Sixers to host St. Joe's Prep grad Steve Vasturia, Oregon duo and 3 others for workout

Sixers to host St. Joe's Prep grad Steve Vasturia, Oregon duo and 3 others for workout

The Sixers will host another pre-draft workout Wednesday at the team's practice facility in Camden, New Jersey.

Attending the workout are Oregon forward Jordan Bell and guard Tyler Dorsey, Indiana center Thomas Bryant, French guard Elie Okobo, Georgetown guard L.J. Peak and Notre Dame guard Steve Vasturia. 

These players project as second-round picks, of which the Sixers own four: 36th, 39th, 46th and 50th.

Jordan Bell, junior, F, 6-9/227
Casual fans might remember Bell from the Final Four game against North Carolina in which he missed some crucial rebounds in the final seconds and Oregon never got a chance for a final shot. But don't let that image taint your idea of what he brings to the court. Bell took his game to another level as an inside presence after the Ducks lost primary big Chris Boucher in the Pac-12 Tournament and was named the Midwest Region's Most Outstanding Player. He won Defensive Player of the Year honors in the Pac-12 this past season, and projects as a mobile five in the NBA.

2016-17 averages: 11.0 points, 8.7 rebounds, 1.8 assists

Thomas Bryant, sophomore, C, 6-10/241
Bryant was a highly touted recruit out of high school and was expected to attend Syracuse, only to make the late call to play for Tom Crean at Indiana. He struggled defensively at first, but came into his own as a freshman and eventually shot 70.3 percent on two-point attempts — he thrives around the rim. Many were surprised he returned to school for second year, but his athletic ability and 7-6 wingspan still make him an attractive target for a late pick.

2016-17 averages: 12.6 points, 6.6 rebounds, 1.5 assists

Tyler Dorsey, sophomore, G, 6-4/180 
Dorsey's two years at Oregon have been some of the best in the program's recent history, as the Ducks secured a No. 1 seed in the 2016 NCAA Tournament and a Final Four appearance this past season. His stats from March show why he'll be a good find for a team in the draft; in each of his final eight games for Oregon, Dorsey scored at least 20 points. He shot 42 percent from deep on the season, and that alone should catch the Sixers' eye. 

2016-17 averages: 14.7 points, 3.4 rebounds, 1.8 assists

Elie Okobo, 19 years old (France), G, 6-2/180
Okobo is undersized and his numbers last season in France aren't overly impressive. He shot 32 percent from three-point range, but he's considered more of a scorer than a distributor. Still, with four second-round picks, the Sixers should keep all options open, and bringing in Okobo appears to show they're doing just that.

2016-17 averages: 8.2 points, 3.3 rebounds, 2.1 assists 

L.J. Peak, junior, G, 6-5/215 
Some were surprised to see Peak stay in the draft and not return to Georgetown, but the fact that John Thompson III is no longer at the helm of the Hoyas could have factored into that decision. In his first year as a starter, Peak was the second-leading scorer on a pretty bad Georgetown team, doing a little bit of everything. By no means was he a sniper from deep, but he plays well off the ball and can finish inside. He did not receive an invite to the NBA draft combine.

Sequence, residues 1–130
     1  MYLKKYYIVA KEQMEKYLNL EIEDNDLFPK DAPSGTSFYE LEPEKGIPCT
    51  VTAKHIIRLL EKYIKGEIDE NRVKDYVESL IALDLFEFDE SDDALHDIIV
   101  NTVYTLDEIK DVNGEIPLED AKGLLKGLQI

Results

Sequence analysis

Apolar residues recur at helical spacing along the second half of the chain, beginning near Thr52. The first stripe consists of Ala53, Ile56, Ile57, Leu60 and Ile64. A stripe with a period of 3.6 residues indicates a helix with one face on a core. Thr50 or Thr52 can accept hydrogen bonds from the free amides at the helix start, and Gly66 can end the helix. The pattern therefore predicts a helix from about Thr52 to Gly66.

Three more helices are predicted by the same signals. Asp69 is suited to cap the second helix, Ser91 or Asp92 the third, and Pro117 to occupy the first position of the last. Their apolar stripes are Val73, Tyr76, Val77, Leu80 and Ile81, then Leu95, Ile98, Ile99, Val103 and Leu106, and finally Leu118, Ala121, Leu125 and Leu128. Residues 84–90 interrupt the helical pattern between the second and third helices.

2016-17 averages: 16.3 points, 3.8 rebounds, 3.5 assists 

Steve Vasturia, senior, G, 6-5/211
The Medford, New Jersey native and St. Joe's Prep graduate was a fan favorite in his time at Notre Dame. His athleticism is not a selling point, and he was never really the go-to guy for the Fighting Irish, but he contributed heavily to a team that's been a March Madness mainstay in recent years. He's primarily a spot-up shooter but can slash the lane well when he wants to. At 35 percent from three his senior season, Vasturia will need to improve his consistencey to stick around in the NBA. Still, he has the tools that if he performs, he might be able to find a spot at the end of someone's bench.

2016-17 averages: 13.1 points, 3.9 rebounds, 3.3 assists

What should Sixers' rotation be for playoffs?

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What should Sixers' rotation be for playoffs?

After Sunday night's All-Star Game, we still have three days to kill before the Sixers are back in action. 

Today, NBC Sports Philadelphia's Paul Hudrick and Noah Levick discuss who should be part of the Sixers' playoff rotation. 

Tuesday, they'll look at how the Sixers can overcome the Celtics, and Wednesday they'll review their expectations for the rest of the season.


Brett Brown has said that his rotation will be at 10 players for now and will go down to nine when the playoffs come. You could make the argument that number should perhaps be eight given how elite the starting five is.